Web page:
For me personally, it felt significant as well. I was fully supportive of closing the office, but at the same time it was sad. It’s been a huge part of my time in Barcelona and, as I’m returning to the UK soon, it felt like the first ‘goodbye moment’ for me after an amazing adventure in Catalonia.
But as Paolo said to me the other day, MJ was built to work like this. Some companies want to start working remotely before they have the infrastructure in place, but MJ was a remote company when we still had an office. Everything we do is written in a document or spreadsheet somewhere, so we were ready for this step. Even when people were working side-by-side, we’d be communicating as a team via Slack or Asana. We even have a company handbook and an internal wiki, documenting everything you need to know about working for Mobile Jazz.
That’s not to say there haven’t been teething problems. No matter where you choose to work, you need a stable internet connection, proper equipment and a conducive environment. I remember one team member going to visit his family and expecting his father’s laptop to work, only to find it had broken down and he had to find an alternative urgently!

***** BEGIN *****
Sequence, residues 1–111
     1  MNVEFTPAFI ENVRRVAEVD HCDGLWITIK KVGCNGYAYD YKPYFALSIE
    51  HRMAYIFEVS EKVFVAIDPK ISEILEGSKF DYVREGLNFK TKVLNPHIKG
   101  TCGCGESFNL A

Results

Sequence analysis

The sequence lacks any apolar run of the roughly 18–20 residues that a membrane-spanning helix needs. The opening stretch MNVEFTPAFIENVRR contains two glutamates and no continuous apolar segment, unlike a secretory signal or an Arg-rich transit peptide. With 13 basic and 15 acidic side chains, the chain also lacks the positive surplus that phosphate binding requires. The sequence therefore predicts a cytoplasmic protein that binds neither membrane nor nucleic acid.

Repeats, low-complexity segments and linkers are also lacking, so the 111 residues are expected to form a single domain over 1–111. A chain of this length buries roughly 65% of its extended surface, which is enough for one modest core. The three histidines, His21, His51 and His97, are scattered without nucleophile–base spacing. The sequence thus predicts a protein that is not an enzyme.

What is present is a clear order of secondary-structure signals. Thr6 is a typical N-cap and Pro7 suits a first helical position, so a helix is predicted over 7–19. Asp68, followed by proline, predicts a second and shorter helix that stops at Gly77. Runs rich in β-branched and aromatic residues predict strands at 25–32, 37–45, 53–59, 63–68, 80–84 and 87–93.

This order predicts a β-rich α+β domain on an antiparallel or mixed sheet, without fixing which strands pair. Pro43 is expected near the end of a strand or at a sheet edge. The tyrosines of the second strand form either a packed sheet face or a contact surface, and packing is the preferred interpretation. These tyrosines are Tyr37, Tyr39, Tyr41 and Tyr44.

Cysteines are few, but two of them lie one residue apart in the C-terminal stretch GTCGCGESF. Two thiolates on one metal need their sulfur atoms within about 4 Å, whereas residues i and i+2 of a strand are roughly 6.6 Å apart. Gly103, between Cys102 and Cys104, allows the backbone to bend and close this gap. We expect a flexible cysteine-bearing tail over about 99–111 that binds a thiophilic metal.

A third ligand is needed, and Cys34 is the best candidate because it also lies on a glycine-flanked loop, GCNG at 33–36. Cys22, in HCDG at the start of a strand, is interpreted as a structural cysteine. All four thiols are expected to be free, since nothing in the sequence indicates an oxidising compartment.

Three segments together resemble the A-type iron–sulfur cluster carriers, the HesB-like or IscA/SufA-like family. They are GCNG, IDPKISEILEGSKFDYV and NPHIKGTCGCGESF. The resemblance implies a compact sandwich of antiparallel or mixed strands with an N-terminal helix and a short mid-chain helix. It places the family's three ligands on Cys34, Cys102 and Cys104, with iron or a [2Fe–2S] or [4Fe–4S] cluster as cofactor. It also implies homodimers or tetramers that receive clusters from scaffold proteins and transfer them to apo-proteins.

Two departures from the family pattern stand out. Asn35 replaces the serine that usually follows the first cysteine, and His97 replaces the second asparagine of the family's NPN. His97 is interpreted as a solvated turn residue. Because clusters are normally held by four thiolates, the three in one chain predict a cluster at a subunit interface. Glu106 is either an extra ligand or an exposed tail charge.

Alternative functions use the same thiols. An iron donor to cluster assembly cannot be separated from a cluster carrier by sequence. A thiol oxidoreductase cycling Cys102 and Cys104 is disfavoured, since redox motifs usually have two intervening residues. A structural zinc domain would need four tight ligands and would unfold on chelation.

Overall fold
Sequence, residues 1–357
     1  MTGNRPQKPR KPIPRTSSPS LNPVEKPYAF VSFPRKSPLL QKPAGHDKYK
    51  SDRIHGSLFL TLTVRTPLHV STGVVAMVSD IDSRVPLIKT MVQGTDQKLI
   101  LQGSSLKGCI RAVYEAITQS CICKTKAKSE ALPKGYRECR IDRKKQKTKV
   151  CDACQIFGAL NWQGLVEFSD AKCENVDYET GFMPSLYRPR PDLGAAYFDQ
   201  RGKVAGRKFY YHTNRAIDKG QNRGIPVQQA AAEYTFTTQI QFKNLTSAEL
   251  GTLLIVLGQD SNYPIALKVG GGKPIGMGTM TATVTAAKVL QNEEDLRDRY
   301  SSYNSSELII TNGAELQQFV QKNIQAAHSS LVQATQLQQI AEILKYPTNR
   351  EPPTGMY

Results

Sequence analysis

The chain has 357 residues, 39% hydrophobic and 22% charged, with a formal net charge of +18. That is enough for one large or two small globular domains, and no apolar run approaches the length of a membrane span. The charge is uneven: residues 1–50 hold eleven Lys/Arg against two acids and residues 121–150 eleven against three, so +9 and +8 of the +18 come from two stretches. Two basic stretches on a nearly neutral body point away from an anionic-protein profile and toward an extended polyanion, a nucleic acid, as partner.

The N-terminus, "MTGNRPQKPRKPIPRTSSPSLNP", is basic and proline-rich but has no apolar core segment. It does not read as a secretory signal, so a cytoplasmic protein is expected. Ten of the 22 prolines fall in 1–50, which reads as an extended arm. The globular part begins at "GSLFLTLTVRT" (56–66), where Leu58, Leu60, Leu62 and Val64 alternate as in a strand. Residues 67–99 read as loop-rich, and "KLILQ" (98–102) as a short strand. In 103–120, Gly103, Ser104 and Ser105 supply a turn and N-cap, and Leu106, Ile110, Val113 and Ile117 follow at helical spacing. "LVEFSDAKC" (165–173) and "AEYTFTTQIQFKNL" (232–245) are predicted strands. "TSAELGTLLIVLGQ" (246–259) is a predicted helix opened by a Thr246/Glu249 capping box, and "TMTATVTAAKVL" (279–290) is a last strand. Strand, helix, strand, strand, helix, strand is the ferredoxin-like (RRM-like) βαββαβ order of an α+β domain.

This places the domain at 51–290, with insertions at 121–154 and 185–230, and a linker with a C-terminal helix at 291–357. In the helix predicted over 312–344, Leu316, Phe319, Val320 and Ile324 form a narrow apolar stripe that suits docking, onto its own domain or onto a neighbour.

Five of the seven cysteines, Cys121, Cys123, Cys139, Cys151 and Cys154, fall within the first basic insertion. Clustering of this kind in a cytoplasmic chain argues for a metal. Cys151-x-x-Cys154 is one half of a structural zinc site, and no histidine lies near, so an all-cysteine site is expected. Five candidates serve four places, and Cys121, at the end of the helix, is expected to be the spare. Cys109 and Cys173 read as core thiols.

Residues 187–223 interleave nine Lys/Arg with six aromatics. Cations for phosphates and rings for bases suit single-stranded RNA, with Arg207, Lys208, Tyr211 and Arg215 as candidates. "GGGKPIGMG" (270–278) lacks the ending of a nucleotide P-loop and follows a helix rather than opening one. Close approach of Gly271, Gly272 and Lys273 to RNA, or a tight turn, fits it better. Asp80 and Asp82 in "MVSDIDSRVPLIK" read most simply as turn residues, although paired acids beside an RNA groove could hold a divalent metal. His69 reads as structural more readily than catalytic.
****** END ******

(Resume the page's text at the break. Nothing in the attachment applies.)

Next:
Everyone has had to find their own sanctuary, where they can work effectively without distractions, and that’s not always easy. Paolo recalls trying to work in a coffee shop when he first started and ditching the experiment quickly, as he couldn’t focus. One or two of us have had a similar situation.
Emotionally it can also be tough sometimes. If you have a bad day working, it’s worse when you’re remote, as you can’t talk to anyone about it. I think that, in the early months, a lot of us who’d worked in the office missed having that option – somewhere you could go every so often to check in with the rest of the team and catch up.